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Algerian Cuisine

The cuisine of Algeria is a distinct fusion of Middle Eastern and Mediterranean cuisines.

Traditional Algerian cuisine, a colourful combination of Berber, Turkish, French, and Arab tastes, can be either extremely mild or packed with flavourful seasonings. Ginger, saffron, onion, garlic, coriander, cumin, cinnamon, parsley, and mint are essential in any Algerian pantry. Tomatoes, potatoes, zucchini, and chillies, significant to Algerian local cuisine, were brought over from the New World.

The cuisine of Algeria is a distinct fusion of Middle Eastern and Mediterranean cuisines.
The cuisine of Algeria is a distinct fusion of Middle Eastern and Mediterranean cuisines.

History of Algerian Cuisine

Algerian cuisine traces its roots to various countries and ancient cultures that once ruled, visited, or traded with the country. Berber tribesmen were one of the country’s earliest inhabitants. Their arrival, which may extend as far back as 30,000 B.C., marked the beginning of wheat cultivation, smen (aged, cooked butter), and fruit consumption, such as dates. The introduction of semolina wheat by the Carthaginians (who occupied much of northern Africa) led the Berbers to first create couscous , Algeria’s national dish. The Romans, who eventually took over Algeria, also grew various grains.  At the beginning of the twenty-first century, Algeria ranked among the top ten importers of grain (such as wheat and barley) in the world, according to

Muslim Arabs invaded Algeria in the 600s, bringing exotic spices such as saffron, nutmeg, ginger, cloves, and cinnamon from the Spice Islands of eastern Indonesia. They also introduced the Islamic religion to the Berbers. Islam continues to influence almost every aspect of an Algerian’s life, including the diet.

Olives (and olive oil) and fruits such as oranges, plums, and peaches were brought across the Mediterranean from Spain during an invasion in the 1500s. Sweet pastries from the Turkish Ottomans and tea from European traders also made their way into Algerian cuisine around this time.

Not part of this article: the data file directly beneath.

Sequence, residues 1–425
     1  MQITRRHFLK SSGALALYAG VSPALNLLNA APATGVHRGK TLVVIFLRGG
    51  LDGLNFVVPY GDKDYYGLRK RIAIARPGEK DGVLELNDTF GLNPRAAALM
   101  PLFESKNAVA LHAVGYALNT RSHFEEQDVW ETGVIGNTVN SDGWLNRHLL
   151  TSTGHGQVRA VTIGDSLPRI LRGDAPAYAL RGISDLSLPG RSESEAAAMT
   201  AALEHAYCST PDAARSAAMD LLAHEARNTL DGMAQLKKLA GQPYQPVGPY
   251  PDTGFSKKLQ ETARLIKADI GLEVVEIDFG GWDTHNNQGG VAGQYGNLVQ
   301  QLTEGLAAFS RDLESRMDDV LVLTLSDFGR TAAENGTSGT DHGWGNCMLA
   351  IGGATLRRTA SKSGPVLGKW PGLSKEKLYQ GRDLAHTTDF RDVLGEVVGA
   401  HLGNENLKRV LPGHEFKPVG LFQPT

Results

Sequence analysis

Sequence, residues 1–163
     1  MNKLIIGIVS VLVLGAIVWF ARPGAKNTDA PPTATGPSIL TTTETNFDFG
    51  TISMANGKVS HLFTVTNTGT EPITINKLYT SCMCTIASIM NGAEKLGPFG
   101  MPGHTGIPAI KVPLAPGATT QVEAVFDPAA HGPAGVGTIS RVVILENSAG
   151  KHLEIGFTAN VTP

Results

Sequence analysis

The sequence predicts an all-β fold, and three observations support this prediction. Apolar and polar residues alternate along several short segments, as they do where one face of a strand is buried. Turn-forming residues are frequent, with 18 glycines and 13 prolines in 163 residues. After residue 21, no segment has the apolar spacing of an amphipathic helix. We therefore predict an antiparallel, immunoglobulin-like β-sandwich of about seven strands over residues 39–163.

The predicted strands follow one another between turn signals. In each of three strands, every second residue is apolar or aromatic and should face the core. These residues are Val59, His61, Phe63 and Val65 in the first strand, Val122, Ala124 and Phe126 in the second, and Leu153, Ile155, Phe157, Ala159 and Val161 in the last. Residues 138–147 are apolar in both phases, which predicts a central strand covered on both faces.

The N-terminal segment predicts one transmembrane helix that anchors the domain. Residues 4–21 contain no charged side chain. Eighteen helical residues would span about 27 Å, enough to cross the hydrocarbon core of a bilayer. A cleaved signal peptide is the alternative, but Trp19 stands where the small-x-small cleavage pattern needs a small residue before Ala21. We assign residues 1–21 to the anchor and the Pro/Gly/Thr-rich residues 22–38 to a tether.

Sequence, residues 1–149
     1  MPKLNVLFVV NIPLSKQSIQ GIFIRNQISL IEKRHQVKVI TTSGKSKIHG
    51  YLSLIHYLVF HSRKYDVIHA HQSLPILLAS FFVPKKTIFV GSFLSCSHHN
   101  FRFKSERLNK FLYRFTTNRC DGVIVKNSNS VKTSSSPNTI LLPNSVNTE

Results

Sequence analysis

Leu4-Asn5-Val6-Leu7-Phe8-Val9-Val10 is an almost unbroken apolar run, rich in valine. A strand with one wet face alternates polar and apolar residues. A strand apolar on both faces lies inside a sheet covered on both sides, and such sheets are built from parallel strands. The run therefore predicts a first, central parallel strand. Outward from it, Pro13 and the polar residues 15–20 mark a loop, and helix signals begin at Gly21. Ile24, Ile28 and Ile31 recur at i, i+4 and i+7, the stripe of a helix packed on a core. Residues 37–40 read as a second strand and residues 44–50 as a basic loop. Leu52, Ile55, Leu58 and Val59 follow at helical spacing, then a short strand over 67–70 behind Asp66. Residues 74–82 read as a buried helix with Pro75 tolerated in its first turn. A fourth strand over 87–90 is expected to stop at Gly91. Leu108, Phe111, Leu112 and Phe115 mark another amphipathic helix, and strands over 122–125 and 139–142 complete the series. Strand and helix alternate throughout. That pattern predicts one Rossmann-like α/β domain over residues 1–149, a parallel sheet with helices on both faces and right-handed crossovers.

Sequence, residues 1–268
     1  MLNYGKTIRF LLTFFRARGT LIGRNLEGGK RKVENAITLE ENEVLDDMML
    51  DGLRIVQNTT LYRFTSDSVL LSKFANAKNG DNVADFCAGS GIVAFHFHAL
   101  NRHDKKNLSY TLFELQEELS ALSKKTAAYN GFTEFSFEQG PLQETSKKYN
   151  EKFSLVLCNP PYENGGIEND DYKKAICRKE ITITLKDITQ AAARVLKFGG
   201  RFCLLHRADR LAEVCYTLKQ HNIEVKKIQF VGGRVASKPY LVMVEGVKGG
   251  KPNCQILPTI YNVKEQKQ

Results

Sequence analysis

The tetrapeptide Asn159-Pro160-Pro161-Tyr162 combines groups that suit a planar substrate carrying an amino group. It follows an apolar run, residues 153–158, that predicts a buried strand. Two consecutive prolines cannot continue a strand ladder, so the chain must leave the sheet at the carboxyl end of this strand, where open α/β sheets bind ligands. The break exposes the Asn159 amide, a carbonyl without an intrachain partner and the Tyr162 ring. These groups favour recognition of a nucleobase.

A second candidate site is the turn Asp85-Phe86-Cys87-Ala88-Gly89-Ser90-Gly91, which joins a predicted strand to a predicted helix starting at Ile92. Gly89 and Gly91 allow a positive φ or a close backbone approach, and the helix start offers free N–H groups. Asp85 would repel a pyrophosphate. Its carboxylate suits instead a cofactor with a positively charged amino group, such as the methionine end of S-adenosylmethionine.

In the early 1800s, Algerians were driven off their own lands and forced to surrender their crops and farmland to the French. The French introduced their diet and culture to the Algerians, including their well-known loaves of bread and the establishment of sidewalk cafés. This French legacy remains evident in Algerian culture. In fact, Algeria’s second language is French, Arabic is the official language.


Couscous , the national dish, is often mistaken as a grain itself, rather than pasta. The pasta dough is a mixture of water and coarse, grainy semolina wheat particles. The dough is then crumbled through a sieve to create tiny pellets. Algerians prefer lamb, chicken, or fish to be placed on a bed of warm couscous, along with cooked vegetables such as carrots, chickpeas, and tomatoes, and spicy stews. Couscous can also be used in desserts by adding a variety of ingredients, such as cinnamon, nutmeg, dates, and figs.

No Algerian meal would be complete without bread, normally a long, French loaf. Similar to Middle Eastern customs, bread is often used to scoop food off of a plate or to soak up a spicy sauce or stew. More traditional Berber families usually eat flat, wheat bread.

Mechoui , a roasted whole lamb cooked on an outdoor spit, is usually prepared when a large group of people gathers together. The animal is seasoned with herb butter so the skin is crispy and the meat inside is tender and juicy. Bread and various dried fruits and vegetables, including dates (whose trees can thrive in the country’s Sahara desert), often accompany mechoui .

Beverages such as mint tea are a favourite among all North African countries. Tea is usually offered to visiting guests, though coffee flavoured with cardamom is another option. With the abundance of fruits year round, fresh juices are plentiful and children tend to favour apricot nectar. Sharbats , fruit or nut-flavoured milk drinks, are popular with all ages, including sahlab , a sweet, milky drink. Traditional Berbers, in particular, prefer drinks made from goat milk, although cow milk is now available. Basbousa (Egyptian semolina cake), tamina (roasted semolina with butter and honey), and sweetened couscous are just a few sweets enjoyed by the Algerians.-

Algerian Chorba


  • The Khabz, traditional Amazigh (Berber) flatbread, is the base of Algerian cuisine and eaten at all meals.
  • Another Algerian dish is Merguez, a spicy lamb sausage, that originate from the Atlas mountains.
  • Other common dishes include berber couscous, Karantita, pastilla that is a speciality from Tlemcen and the Chaoui dish chakhchoukha.
  • Spices used in Algerian cuisine are dried red chillies of different kinds, caraway, Ras el Hanout, black pepper and cumin, among others. Other spices like nutmeg, coriander, fennel, ginger, mace, and star anise are very popular in Algerian cuisine.